Filmmaker Interviews

Animating the DRC: Interview with Congolese Animator Jean-Michel Kibushi

DER Interview with Congolese Animator Jean-Michel Kibushi

Palabres Animées du Griot is our new collection of stop-motion films, full of  lively animations ranging from folk tales to political critiques, by pioneering Congolese animator Jean-Michel Kibushi. To celebrate the collection’s release and offer more information on Kibushi’s work, we’re pleased to share this special guest interview with Kibushi, conducted by his long time friend and Sub-Saharan African animation expert, Paula Callus.

Widely considered a pioneering artist in the field of animation in Central Africa, Jean-Michel Kibushi has assumed a vastly important role in the Democratic Republic of the Congo (DRC), his home country.  In 1991, Kibushi made his first stop-motion film based on a tale from his own ethnic group, the Tetela, titled Le Crapaud Chez Ses Beaux-Parents (The Toad Visits His In-Laws). Since then, he has worked to teach and encourage animation amongst local artists and youth in the region. With the creation of Studio Malembe Maa (which means “slowly but surely” in Lingala), the first local mobile studio for animation, he continues to undertake socially motivated work with an educational and developmental agenda. 

Paula Callus: To begin, could you explain how you developed a special interest for the art of animation?

Jean-Michel Kibushi: This interest emerged while I was studying theater and film at the National Arts Institute in Kinshasa in 1985. I had decided I wanted to go beyond the theoretical study of these subjects, and I was driven to discover the practice of cinema. At the time, the French Cultural Centre in Kinshasa offered a range of workshops where I was able to gain this practical experience and use of proper equipment. Here, I discovered the classic films screened during the meetings of a film club I had joined. By 1988, I had a voluntary internship at the Centre Wallonie of Bruxelles where I could put this knowledge to use, alongside the Belgian animators from the studio Atelier Graphoui, who specialize in animation.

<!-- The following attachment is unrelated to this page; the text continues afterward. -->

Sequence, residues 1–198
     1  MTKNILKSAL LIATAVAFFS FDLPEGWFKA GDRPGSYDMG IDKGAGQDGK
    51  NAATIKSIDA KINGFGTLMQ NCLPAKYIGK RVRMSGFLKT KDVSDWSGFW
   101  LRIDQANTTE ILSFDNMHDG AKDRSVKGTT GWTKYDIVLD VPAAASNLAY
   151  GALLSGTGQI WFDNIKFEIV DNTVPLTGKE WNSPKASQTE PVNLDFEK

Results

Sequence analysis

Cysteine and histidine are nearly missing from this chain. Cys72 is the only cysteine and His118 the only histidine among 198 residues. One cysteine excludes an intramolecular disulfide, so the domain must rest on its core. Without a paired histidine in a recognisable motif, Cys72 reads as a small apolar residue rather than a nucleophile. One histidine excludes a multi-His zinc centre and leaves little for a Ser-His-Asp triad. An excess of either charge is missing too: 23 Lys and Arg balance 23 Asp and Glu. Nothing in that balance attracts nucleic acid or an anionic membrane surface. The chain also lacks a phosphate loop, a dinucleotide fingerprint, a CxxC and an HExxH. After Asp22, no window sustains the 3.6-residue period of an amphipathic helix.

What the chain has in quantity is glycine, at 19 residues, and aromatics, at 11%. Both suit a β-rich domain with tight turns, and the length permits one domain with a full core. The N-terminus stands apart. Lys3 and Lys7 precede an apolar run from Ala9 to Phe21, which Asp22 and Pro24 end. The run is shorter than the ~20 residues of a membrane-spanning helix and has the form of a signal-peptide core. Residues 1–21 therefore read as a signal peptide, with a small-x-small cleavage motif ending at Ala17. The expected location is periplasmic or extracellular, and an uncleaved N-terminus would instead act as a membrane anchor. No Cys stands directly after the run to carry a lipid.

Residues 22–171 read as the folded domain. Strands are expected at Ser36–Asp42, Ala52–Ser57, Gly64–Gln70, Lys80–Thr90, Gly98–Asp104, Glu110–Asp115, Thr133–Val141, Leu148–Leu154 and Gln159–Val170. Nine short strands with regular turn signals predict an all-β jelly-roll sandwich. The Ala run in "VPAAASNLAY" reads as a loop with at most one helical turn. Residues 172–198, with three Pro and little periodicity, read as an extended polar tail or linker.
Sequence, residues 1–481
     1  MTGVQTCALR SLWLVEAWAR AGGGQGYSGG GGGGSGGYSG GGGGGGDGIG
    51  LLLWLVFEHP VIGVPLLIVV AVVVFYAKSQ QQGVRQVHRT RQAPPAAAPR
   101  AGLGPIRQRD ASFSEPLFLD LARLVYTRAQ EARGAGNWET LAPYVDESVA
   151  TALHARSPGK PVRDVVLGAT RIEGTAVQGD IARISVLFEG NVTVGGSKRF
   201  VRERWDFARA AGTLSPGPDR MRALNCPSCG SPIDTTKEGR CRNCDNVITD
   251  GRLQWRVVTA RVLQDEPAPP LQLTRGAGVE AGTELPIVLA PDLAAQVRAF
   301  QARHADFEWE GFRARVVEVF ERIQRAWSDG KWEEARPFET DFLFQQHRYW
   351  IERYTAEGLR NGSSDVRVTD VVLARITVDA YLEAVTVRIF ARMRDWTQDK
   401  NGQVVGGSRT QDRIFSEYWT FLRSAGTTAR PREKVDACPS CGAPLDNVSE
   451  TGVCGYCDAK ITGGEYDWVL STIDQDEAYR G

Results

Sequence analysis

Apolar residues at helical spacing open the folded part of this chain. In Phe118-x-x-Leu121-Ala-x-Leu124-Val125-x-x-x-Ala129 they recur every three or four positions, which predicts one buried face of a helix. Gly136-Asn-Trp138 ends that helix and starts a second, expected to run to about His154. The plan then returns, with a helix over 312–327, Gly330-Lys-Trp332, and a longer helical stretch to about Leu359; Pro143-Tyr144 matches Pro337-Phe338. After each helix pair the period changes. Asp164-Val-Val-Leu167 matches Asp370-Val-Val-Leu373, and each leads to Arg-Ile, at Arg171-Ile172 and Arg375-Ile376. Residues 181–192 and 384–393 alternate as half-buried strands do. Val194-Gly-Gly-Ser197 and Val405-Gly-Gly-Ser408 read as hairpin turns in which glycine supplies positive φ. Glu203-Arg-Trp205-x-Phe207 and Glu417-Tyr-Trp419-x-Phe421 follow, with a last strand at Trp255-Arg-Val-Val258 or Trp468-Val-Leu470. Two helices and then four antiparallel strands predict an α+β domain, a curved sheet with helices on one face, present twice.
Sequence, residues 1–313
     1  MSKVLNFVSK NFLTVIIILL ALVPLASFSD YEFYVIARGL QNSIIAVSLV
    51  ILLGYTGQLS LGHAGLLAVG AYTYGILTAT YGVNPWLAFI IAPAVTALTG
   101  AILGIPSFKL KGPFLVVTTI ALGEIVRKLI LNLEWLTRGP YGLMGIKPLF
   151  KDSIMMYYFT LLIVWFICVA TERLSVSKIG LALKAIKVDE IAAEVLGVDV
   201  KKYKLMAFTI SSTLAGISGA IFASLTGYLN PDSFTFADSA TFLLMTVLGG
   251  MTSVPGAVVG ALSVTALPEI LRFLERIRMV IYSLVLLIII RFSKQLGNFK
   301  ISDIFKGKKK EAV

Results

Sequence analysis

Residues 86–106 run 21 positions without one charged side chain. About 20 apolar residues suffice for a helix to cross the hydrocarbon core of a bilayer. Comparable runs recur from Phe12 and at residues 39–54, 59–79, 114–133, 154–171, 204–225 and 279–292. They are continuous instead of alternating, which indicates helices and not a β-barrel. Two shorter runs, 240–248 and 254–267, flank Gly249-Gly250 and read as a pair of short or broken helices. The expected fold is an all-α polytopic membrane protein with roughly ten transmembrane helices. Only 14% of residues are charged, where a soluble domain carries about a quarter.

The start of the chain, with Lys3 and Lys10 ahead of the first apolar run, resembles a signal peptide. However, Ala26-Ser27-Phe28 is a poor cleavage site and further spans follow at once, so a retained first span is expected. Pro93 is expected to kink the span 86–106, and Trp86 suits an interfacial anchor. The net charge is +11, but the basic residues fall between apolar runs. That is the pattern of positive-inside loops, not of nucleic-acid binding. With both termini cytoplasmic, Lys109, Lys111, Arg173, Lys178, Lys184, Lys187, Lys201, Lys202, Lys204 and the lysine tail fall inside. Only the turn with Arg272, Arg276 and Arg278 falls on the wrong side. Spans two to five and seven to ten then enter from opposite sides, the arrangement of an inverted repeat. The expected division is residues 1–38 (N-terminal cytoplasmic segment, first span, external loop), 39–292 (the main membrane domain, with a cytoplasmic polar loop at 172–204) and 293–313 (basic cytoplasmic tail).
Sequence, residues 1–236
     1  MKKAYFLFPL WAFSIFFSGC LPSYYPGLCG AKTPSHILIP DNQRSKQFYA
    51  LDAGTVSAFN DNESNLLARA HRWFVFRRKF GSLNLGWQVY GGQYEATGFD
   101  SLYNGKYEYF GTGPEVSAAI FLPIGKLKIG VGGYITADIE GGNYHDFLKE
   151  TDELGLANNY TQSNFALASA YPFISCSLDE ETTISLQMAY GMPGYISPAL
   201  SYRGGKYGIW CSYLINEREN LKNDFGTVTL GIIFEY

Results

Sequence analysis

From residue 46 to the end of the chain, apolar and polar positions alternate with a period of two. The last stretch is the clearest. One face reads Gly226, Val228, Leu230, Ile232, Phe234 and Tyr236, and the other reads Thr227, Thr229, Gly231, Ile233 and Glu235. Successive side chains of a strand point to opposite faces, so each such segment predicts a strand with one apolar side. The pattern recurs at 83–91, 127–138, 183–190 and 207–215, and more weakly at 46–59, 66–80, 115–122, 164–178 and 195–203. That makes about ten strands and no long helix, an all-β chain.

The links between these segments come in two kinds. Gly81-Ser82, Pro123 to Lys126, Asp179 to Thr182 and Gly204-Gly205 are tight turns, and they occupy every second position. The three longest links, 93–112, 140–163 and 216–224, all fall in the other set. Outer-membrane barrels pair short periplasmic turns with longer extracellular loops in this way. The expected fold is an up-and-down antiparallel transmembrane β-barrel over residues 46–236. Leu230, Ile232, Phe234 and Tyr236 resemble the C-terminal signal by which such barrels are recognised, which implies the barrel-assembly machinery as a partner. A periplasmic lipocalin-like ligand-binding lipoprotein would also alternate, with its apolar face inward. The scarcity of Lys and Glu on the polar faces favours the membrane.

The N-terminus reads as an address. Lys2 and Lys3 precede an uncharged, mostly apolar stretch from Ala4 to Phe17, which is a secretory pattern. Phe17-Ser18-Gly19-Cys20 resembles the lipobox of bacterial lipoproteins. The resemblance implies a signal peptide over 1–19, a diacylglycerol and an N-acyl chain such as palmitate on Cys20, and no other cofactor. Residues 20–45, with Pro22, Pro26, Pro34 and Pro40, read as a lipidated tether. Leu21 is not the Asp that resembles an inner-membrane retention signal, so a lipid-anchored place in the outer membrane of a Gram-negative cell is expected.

This first experience of animation, as stop-motion, frame by frame, shooting with a 16mm Bolex, seduced me! In effect, I had identified that animation was a means to add value, promote and preserve our traditional culture. Certainly, in theater one could transmit this but it would be short-lived, and one would need to invest so much time for a few performances. In animation, the artist is allowed a continuation of the work, a wider dissemination… and the possibility to resonate with an international audience.

PC: What are your first memories of animated films in your youth in the DRC?

JMK: I have no recollection of cinematographic projections in my childhood, because I lived in a rural country where there was no cinema or television. It wasn’t until college that we sporadically had some screenings of documentary films. It was only when I was a student in Kinshasa that I discovered the Kimbo series on television.

PC: What kind of stories are you interested in? Are they an inspiration for your own work?

JMK: My heritage, traditions, legends, rituals, and tales are the main inspiration for my work. This was the case for The Toad Visits His In-Laws and Prince Losenoand continues to be so in my current film Ngando which is in development. This is the basis of my work because, in my opinion, the African soul and for that matter the soul of each culture, rests on a heritage that shows us who we are, where we come from, our roots.